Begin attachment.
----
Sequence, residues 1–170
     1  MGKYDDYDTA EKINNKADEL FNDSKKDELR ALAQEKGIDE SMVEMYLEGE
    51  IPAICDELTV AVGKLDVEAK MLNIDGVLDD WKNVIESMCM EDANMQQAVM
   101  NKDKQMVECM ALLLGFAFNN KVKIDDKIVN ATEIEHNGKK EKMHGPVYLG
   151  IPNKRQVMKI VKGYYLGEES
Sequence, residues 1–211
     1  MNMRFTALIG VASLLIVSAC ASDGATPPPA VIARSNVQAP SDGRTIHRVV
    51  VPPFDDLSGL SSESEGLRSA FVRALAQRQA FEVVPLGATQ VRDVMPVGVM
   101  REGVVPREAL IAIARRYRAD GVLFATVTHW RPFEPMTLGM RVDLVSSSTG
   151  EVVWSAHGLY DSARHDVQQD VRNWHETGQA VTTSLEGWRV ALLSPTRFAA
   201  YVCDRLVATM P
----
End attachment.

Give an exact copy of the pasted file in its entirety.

Sequence, residues 1–170
     1  MGKYDDYDTA EKINNKADEL FNDSKKDELR ALAQEKGIDE SMVEMYLEGE
    51  IPAICDELTV AVGKLDVEAK MLNIDGVLDD WKNVIESMCM EDANMQQAVM
   101  NKDKQMVECM ALLLGFAFNN KVKIDDKIVN ATEIEHNGKK EKMHGPVYLG
   151  IPNKRQVMKI VKGYYLGEES
Sequence, residues 1–211
     1  MNMRFTALIG VASLLIVSAC ASDGATPPPA VIARSNVQAP SDGRTIHRVV
    51  VPPFDDLSGL SSESEGLRSA FVRALAQRQA FEVVPLGATQ VRDVMPVGVM
   101  REGVVPREAL IAIARRYRAD GVLFATVTHW RPFEPMTLGM RVDLVSSSTG
   151  EVVWSAHGLY DSARHDVQQD VRNWHETGQA VTTSLEGWRV ALLSPTRFAA
   201  YVCDRLVATM P